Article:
HP’s Older Volunteer Corps – Lessons for the Library?
As talk of civic engagement, re-careering, and volunteerism continue to dominate the current retirement debate, libraries and social service agencies continue to seek out model programs.
A recent article in the New York Times entitled “Going to the Company Elders for Help” highlights how Hewlett-Packard has retained a significant number of retirees as sales volunteers in various retail outlets. The article credits the company’s former commitment to employees and its family-like atmosphere, one which has changed in recent years. Their successful mobilization of retired volunteers has not come without criticism. Some challenge HP for not paying retired workers for their PR and sales expertise, while HP argues that it is simply a way for former employees to continue to participate in the HP community without a need for payment.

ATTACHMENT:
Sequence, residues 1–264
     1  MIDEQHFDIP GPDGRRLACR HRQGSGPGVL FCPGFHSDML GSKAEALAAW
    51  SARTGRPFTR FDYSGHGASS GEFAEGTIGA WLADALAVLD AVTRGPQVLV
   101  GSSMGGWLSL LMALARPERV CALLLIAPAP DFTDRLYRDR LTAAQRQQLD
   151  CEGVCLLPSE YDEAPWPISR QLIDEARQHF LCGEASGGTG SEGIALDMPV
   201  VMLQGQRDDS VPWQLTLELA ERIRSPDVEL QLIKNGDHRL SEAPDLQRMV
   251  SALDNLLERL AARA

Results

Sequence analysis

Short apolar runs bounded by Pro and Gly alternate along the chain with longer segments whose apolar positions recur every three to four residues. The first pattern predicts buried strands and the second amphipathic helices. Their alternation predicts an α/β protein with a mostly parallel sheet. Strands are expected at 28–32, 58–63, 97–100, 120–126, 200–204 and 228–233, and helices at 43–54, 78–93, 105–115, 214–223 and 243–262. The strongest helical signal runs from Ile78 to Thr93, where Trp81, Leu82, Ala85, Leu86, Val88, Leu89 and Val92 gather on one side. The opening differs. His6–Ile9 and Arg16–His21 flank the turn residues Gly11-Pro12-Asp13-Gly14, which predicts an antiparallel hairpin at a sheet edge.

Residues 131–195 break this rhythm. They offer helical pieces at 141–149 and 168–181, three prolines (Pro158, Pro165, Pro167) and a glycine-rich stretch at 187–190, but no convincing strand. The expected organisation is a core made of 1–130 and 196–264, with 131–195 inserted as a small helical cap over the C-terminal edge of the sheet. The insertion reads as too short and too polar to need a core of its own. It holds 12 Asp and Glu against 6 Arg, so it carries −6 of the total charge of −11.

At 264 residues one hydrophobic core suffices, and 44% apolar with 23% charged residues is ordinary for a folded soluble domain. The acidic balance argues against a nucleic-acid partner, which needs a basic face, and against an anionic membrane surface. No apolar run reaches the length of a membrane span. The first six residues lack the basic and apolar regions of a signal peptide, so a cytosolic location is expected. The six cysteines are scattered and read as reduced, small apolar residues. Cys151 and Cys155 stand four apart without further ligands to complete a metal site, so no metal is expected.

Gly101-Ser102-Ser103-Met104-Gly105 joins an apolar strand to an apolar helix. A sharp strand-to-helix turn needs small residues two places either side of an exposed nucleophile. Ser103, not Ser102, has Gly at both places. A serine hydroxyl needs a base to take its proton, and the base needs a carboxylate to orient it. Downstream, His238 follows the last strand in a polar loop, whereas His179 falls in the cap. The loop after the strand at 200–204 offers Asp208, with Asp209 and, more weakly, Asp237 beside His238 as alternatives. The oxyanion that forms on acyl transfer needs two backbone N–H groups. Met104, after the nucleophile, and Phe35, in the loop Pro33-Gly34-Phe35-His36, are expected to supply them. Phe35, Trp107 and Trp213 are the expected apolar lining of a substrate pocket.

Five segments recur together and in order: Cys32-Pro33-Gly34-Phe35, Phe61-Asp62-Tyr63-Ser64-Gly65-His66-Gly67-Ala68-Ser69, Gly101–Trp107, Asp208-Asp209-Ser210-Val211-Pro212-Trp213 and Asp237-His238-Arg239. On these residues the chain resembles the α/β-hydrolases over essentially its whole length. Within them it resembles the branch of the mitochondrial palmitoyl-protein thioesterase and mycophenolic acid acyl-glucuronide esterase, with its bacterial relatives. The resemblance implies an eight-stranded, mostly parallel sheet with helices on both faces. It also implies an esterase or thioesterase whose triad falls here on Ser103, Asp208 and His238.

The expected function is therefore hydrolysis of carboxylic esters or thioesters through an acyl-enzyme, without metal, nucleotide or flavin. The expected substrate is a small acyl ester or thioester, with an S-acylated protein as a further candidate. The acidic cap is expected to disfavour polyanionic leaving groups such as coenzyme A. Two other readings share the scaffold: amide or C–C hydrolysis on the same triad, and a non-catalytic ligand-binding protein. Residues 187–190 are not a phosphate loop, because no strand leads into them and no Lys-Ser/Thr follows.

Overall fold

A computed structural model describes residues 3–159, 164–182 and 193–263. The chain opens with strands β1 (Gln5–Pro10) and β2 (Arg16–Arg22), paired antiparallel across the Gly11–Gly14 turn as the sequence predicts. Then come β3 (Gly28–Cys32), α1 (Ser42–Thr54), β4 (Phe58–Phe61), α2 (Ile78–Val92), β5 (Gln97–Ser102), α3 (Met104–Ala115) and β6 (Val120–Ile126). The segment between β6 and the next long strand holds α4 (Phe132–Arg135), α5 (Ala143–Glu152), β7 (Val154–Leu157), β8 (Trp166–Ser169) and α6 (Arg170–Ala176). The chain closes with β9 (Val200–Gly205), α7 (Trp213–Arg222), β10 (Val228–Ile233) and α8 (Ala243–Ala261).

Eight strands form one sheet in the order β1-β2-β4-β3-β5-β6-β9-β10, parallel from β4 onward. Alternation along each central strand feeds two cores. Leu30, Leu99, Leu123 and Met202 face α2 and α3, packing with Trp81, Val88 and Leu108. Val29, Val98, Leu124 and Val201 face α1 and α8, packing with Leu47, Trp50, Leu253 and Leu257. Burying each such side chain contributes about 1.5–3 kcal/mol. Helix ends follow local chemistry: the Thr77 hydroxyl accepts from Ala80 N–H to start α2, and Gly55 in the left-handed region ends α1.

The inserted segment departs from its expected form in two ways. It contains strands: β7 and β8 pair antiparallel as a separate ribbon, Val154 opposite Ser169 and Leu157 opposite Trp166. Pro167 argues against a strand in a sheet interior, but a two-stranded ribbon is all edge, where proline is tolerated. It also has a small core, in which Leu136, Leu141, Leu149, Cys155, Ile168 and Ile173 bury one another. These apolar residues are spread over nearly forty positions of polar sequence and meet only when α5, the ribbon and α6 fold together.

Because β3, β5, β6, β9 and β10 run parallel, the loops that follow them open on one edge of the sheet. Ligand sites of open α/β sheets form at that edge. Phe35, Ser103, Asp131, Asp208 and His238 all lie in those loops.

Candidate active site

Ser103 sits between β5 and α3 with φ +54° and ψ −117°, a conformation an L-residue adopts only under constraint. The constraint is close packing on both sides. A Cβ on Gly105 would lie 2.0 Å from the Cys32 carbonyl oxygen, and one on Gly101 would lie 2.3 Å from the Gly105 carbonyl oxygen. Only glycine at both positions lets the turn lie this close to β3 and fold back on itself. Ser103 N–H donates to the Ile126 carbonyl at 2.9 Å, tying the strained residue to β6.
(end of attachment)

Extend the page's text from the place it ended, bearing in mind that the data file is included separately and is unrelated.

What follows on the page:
Libraries have used volunteers for support on programs and daily operations, but have not created a full scale volunteer corps based on the the patron loyalty which libraries have developed over the years. How can older volunteers be utilized as library advocates similar to HP’s model? Should retired volunteers be paid, similar to the model which the organization ReServe is successfully implementing?
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